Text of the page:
Documentation:  I prefer to have 3 corroborating sources, particularly if there is anything iffy about any particular document.  Over the years, I've found so many oddities in documents, so many nearly identical individuals (names, places, ages, dates, etc.) that I begin with skepticism and work toward trust.

Clearly, many, many people were either completely disinterested in leaving evidence of their existence or worked to conceal it.

Clearly, many, many people are very poor spellers, have very poor penmanship (including myself) and seem shy about asking how to spell a name.

In any case, I highly recommend not jumping to conclusions in searching for relatives and ancestors.  You will be very surprised at the number of individuals with the identical name, born the same year, living in nearly the same place.  Do a web or Facebook search -- you'll be surprised.

  Keep in touch.

Saturday, October 5, 2013


Remember plasterware?


I found some possible contacts at the Minisink Valley Historical Society web site and sent them emails.

I also made a couple of contacts on Facebook.

I stumbled on some interesting items in the catalogs of the New York State Library which you can search online.  Just search on a surname.  You have to scroll through many listings but it's worth the time.  Of course, it means getting there to actually look at items but some might be available for Inter-Library Loan (ILL).  You can check with them.  Some are in manuscript collections.  It might take several visits to see everything that has potential value.

I'll be searching the catalogs of other libraries that might have useful items with valuable information.  I already know that the New York Public Library has a mountain of items I'd like to look at.  I was recently told that their 42nd St. branch is being remodeled and re-focused and that much of it's historic collection has been put in storage.  I haven't confirmed that yet but plan to investigate.  That branch was given much of the collection of the New York Genealogical and Biographical Society including boxes of manuscripts and papers related to specific families.  I personally saw boxes for the Hulse and Odell families.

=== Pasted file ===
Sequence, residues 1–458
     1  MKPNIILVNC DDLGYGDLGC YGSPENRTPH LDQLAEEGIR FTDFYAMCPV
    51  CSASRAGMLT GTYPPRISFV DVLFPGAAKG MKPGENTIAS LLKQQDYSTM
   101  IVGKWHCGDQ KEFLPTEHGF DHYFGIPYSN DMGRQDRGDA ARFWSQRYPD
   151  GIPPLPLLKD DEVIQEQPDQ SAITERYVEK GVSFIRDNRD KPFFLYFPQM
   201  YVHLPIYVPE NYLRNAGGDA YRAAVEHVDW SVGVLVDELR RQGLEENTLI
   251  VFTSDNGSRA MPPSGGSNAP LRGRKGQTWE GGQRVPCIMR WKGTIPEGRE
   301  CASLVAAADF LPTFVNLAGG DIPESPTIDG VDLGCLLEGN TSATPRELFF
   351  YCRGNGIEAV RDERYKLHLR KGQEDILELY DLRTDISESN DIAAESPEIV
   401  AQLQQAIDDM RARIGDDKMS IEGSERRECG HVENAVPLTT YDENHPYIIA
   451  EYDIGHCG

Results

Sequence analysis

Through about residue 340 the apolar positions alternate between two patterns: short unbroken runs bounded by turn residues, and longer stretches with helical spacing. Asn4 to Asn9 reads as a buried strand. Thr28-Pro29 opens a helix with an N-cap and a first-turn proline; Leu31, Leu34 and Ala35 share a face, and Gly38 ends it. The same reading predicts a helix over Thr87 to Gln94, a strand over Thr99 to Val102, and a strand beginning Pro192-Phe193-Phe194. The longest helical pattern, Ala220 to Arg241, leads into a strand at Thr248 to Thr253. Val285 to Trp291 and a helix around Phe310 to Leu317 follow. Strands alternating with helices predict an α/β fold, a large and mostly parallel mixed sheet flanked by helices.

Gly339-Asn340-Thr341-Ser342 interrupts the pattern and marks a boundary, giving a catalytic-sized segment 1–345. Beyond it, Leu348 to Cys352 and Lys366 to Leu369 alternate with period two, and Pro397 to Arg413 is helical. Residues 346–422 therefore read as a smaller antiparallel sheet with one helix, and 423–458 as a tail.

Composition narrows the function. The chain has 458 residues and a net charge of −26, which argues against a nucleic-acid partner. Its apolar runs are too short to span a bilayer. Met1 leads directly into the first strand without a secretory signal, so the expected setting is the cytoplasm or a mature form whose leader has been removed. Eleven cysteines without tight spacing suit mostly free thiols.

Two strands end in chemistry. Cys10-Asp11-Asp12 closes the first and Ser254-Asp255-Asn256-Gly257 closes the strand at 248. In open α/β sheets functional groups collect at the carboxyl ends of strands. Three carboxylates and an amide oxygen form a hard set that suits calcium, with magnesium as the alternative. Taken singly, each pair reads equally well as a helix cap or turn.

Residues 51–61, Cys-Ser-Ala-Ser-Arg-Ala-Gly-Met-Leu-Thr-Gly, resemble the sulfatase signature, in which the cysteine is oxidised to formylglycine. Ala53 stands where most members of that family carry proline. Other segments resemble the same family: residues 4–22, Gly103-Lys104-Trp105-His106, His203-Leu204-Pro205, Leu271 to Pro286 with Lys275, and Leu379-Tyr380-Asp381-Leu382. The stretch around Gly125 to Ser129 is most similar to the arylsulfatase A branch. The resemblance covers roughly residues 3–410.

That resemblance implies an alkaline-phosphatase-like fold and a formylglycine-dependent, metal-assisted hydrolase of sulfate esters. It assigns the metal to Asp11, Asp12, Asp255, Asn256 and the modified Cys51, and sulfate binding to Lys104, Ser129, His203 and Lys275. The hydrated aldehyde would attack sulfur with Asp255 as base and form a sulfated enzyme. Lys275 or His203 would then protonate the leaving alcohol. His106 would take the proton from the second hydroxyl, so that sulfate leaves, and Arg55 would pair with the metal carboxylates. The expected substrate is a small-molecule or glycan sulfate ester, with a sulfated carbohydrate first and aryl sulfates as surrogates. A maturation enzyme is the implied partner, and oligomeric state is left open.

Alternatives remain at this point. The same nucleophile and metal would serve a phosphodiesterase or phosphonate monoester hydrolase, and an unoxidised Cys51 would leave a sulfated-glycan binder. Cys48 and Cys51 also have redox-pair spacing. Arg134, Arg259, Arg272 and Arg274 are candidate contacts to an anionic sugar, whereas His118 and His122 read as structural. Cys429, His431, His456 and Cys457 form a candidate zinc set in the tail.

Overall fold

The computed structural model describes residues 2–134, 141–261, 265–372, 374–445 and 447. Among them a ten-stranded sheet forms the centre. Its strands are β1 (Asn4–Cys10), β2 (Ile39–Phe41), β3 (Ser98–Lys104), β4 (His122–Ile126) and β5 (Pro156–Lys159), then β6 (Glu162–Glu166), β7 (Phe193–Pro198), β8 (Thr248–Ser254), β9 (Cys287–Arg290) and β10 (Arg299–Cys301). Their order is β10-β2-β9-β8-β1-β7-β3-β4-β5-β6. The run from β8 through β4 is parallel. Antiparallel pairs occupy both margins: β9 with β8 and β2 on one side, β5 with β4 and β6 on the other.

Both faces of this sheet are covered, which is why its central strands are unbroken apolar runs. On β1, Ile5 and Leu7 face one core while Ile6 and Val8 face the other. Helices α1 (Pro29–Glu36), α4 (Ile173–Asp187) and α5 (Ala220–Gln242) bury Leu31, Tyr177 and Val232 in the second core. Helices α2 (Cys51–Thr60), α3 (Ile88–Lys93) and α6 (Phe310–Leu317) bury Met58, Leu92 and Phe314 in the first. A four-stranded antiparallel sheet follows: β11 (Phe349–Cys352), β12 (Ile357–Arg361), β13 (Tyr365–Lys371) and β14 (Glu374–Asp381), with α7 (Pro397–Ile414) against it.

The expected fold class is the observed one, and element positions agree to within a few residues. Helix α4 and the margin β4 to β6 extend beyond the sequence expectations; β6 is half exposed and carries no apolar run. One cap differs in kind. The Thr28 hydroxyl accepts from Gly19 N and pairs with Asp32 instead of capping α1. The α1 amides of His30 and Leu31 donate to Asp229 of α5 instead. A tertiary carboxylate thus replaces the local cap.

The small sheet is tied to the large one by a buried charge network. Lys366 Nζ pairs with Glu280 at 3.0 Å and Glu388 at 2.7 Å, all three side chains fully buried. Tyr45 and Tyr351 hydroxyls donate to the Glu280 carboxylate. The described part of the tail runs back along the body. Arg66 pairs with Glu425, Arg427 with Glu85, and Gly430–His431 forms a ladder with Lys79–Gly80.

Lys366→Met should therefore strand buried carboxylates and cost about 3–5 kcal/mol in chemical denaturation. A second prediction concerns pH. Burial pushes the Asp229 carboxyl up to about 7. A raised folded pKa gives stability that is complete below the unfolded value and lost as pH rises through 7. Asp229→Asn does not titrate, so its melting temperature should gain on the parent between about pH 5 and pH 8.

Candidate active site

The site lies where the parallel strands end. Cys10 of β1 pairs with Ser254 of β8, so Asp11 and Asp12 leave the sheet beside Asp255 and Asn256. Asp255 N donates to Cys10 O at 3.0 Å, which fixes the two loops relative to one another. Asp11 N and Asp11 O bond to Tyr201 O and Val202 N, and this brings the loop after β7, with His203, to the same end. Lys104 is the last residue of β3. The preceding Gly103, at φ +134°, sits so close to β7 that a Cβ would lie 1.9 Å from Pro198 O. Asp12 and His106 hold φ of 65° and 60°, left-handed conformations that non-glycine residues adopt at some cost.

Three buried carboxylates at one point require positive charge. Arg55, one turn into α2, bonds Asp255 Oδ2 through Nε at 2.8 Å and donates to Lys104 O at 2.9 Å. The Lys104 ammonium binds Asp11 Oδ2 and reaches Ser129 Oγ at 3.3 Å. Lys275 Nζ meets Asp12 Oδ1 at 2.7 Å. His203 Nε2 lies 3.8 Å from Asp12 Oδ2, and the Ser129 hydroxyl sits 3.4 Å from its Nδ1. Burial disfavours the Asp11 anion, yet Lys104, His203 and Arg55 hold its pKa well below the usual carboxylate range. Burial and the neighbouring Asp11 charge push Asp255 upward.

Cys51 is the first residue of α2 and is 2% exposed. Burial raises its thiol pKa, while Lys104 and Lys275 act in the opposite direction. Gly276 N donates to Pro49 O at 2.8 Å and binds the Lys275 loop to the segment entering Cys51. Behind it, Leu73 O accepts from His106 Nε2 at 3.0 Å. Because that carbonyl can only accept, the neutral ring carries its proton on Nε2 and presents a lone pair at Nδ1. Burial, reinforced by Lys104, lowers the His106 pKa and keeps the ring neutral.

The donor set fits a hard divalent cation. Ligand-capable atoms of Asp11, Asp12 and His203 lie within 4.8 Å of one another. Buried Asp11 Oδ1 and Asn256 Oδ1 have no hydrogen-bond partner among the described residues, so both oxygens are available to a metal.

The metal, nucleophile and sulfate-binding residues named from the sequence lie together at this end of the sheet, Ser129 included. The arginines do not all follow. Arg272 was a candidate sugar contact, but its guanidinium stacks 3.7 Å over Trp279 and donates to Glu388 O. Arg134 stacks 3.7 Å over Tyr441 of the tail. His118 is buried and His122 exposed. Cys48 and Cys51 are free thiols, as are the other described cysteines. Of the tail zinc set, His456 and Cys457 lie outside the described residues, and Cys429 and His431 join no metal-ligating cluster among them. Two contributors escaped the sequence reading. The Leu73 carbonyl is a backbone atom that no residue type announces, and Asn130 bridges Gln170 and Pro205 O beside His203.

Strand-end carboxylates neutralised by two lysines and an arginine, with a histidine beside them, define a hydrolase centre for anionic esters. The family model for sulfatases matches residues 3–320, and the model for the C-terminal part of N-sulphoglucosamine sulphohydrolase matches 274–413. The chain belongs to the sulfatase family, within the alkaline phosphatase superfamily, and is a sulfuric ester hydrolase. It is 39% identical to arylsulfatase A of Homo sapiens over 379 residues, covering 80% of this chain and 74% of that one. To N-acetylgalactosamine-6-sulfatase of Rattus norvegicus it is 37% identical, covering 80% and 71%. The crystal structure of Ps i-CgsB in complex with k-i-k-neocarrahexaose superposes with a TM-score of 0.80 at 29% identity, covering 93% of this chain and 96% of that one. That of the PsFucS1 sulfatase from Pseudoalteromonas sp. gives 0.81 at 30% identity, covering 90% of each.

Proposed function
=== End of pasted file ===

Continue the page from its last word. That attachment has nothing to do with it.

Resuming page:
I also recommend that, at least once a year, you search on Yahoo or Google, or whatever other search site you prefer for each surname you're interested in.  I begin, in alphabetical order, with just the surname itself:  Odell, Wormuth, Hulse, etc., to see what turns up.  I scan through about 3 pages of search results to see if anything interesting turns up.  Often, you'll find an online query or an obit that looks promising, or a newly published historic list of some kind.  Depending on what I find, my mood and intuition, I also search on names of individuals or the combined names of couples:  Joseph Odell, James and Mary Hulse, etc.  This also turns up similar results from time to time or a family history web site.  Often, the results are things I've already seen but sometimes there's something new somewhere and I have a new bit of information.  

Also, search major online resource sites regularly.  They add information continually.  The amount of data online keeps growing.

Just a family photo to add some interest:

If I remember correctly, this is Mom, Georgiana Beismer O'Dell.

Wednesday, July 10, 2013

Online Resources - The Family Curator

I just discovered Denise Levenick's The Family Curator where she has wonderful information about preserving your family treasures and how-to webinars.  I'll be looking into all of that and passing on the information here and to other researchers I come across.

There are so many more resources online, stay tuned for more.

Be sure to check out our family groups a Yahoo, see the list on the right.  I'm also on Twitter.